Late-night surgeries no longer mean more deaths

Contrary to previous studies, surgeries performed during the night are not associated with more deaths, according to a new study published by the Journal of the American Medical Association.

Researchers compared thoracic organ transplant surgeries that occurred at night (7p.m.-7a.m.) with those during the day (7a.m.-7p.m.). They found there was no significant difference between survival rates up to a year after transplant.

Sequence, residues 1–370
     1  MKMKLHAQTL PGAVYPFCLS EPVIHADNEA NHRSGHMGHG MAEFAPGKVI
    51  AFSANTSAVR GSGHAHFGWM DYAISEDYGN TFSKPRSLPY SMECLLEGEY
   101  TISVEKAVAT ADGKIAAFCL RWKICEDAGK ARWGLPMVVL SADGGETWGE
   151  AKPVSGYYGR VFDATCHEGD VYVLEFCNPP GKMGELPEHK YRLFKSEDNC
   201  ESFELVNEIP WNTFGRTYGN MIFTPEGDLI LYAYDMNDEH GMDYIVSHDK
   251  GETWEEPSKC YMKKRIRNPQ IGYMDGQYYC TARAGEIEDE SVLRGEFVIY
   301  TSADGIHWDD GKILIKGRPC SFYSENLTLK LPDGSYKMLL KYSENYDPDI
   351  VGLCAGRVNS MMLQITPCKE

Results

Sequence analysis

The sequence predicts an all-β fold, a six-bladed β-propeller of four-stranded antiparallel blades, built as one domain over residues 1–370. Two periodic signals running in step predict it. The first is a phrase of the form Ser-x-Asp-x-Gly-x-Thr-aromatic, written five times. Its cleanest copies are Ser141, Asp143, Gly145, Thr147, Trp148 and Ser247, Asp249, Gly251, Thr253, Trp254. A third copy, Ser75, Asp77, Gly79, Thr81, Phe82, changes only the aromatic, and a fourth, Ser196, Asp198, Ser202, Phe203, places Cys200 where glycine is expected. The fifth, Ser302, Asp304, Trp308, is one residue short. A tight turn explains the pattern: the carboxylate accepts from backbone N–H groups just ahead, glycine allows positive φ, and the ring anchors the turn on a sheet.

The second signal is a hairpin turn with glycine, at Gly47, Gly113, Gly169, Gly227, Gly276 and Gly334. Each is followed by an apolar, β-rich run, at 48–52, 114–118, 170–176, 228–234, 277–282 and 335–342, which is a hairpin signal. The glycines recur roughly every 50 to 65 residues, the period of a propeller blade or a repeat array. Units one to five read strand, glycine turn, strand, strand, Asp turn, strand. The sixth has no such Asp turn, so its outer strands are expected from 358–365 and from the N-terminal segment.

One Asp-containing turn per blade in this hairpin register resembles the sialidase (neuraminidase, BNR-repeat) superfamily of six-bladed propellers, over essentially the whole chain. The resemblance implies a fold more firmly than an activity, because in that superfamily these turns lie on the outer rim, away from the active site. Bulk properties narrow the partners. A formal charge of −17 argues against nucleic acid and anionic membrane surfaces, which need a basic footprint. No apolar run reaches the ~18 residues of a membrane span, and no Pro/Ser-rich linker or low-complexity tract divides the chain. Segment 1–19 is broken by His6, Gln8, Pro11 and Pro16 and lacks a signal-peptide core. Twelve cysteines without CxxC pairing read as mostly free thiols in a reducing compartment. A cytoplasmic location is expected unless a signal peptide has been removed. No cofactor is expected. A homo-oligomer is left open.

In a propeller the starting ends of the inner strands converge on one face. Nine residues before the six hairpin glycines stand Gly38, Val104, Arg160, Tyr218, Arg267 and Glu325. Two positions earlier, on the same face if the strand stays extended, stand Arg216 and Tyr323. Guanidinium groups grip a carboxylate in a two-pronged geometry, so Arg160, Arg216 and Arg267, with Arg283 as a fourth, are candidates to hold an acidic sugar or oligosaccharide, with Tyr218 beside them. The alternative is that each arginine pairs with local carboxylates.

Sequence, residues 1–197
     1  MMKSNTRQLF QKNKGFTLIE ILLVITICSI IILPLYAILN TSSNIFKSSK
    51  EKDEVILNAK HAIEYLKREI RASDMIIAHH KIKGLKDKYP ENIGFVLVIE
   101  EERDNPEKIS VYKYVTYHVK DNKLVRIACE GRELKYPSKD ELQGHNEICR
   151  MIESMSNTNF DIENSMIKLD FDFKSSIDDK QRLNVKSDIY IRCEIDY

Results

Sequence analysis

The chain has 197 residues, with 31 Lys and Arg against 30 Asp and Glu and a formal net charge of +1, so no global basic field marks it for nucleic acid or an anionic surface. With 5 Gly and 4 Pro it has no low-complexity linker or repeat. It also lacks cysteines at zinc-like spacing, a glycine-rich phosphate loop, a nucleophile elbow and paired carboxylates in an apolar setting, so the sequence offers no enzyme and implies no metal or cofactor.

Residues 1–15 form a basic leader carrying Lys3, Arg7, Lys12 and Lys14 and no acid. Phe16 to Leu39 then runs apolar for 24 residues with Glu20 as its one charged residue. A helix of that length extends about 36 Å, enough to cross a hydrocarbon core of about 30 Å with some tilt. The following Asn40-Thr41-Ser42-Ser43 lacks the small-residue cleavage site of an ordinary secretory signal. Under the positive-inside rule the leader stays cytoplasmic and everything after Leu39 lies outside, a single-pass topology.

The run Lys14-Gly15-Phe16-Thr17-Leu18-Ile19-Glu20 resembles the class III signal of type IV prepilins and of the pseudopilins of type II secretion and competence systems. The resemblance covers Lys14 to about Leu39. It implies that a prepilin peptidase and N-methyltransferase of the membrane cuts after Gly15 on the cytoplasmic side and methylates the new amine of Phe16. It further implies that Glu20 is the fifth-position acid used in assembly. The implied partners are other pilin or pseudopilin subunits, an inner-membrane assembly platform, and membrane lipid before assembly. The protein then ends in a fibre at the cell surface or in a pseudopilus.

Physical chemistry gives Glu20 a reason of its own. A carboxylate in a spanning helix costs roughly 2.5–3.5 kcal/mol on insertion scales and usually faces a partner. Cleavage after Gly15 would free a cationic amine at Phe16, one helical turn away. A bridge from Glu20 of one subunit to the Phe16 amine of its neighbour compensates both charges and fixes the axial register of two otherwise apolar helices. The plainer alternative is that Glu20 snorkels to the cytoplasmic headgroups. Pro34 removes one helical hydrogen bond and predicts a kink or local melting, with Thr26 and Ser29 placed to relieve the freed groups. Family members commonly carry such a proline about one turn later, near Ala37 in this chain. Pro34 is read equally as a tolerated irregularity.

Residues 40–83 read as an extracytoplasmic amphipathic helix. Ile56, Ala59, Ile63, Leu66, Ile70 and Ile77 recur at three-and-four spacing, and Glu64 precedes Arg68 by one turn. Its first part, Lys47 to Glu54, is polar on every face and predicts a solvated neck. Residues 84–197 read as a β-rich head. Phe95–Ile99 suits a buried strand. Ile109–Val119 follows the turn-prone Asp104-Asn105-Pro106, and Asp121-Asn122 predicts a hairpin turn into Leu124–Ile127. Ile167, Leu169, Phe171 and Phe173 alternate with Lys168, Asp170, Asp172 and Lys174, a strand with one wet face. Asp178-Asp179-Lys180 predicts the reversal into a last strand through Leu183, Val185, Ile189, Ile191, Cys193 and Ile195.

Experts have long contended that the nighttime is a blackhole for provider communication, as well as a vulnerable period for physician fatigue, which has led to a 80-hour work week cap for medical residents. The study results may not necessarily mean nighttime procedures are less risky than daytime ones.

"We all think the risks are higher at night," Ashish S. Shah, assistant professor of surgery at the Johns Hopkins University School of Medicine, told the New York Times. "But across the country, it appears that we have figured how to do heart and lung transplants safely."

To learn more:
- read the JAMA study
- read the New York Times blog post

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